Transmission. Those who have had typhoid fever gain immunity from it but may become carriers. Although perfectly well, they harbor the bacteria and pass them out in their feces and urine. The typhoid bacillus often lodges in the gallbladder of carriers, and when the gallbladder is removed the person may cease to be a carrier. In cities, food handled by carriers is the principal source of infection. In rural areas carriers may infect food that they raise, such as fruit and fresh vegetables. When sewage and sanitation systems are poor, the organisms may enter the water supply. They can also be spread to food and water by flies that have been in contact with body waste. Contamination is more likely in regions where human feces are used to fertilize the crops.
Prevention and Treatment. Once a widespread disease, typhoid fever has now been virtually eliminated in countries with advanced sanitation. Proper sanitation involves (1) good sewage systems to dispose of human wastes and (2) proper measures for keeping foods uncontaminated. Food should be carefully protected from flies. One should wash the hands carefully before eating and after going to the toilet. Effective medicines, such as the antibiotic chloramphenicol, are available for treatment of the disease. A less serious disease whose symptoms resemble those of typhoid fever is paratyphoid fever, which is also transmitted by contaminated food or liquids.
Patient Care. Patients with typhoid and paratyphoid fever are placed under enteric precautions until the urine and feces are free of bacilli. If sewage treatment for the community is adequate, feces and urine need not be disinfected, but if there is danger of incomplete destruction of the bacilli by sewage treatment methods, such waste should be disinfected by chlorinated lime or a 4 per cent Lysol solution before disposal. Other precautionary measures to prevent spread of the disease include adequate screening of windows and doors so that flies may not come in contact with waste products.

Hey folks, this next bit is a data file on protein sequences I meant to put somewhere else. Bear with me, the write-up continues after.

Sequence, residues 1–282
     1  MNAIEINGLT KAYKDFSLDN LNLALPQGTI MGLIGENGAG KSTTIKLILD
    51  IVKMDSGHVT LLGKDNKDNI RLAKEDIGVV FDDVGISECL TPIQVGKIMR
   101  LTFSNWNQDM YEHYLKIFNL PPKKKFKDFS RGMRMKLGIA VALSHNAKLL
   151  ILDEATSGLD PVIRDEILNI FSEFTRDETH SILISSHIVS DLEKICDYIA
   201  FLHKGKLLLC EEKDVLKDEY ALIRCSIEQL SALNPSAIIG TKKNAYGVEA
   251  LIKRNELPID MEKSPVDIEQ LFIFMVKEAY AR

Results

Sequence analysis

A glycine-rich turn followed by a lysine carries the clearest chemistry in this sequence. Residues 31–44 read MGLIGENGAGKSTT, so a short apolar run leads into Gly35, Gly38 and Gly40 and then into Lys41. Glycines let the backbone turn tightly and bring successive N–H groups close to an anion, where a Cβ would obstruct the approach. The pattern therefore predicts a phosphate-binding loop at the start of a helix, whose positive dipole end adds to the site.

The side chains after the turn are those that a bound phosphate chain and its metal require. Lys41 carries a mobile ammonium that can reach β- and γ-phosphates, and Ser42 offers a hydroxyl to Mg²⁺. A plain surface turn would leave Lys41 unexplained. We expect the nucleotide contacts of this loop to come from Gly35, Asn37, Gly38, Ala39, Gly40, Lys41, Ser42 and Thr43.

Most patients with typhoid fever require measures to lower the body temperature when fever is extreme. These include cool sponge baths, application of ice bags, and administration of antipyretic drugs as ordered. Fluids should be forced, to prevent dehydration. The diet should consist of soft, bland, easily digested, and nourishing foods. Observations of the patient include watching for sudden temperature changes, signs of intestinal bleeding, and symptoms of intestinal perforation.

kaolin or a similar medication may be needed to help control diarrhea. If constipation becomes a problem, a low saline enema should be given in preference to a cathartic because of the danger of intestinal perforation. Good oral hygiene and care of the lips and mouth are essential, as for any patient with a prolonged febrile condition. In addition, the patient must be kept clean and dry and turned frequently to avoid the development of pressure ulcers. During the convalescent period the patient will need adequate rest and a well-rounded diet to facilitate recovery from this debilitating illness.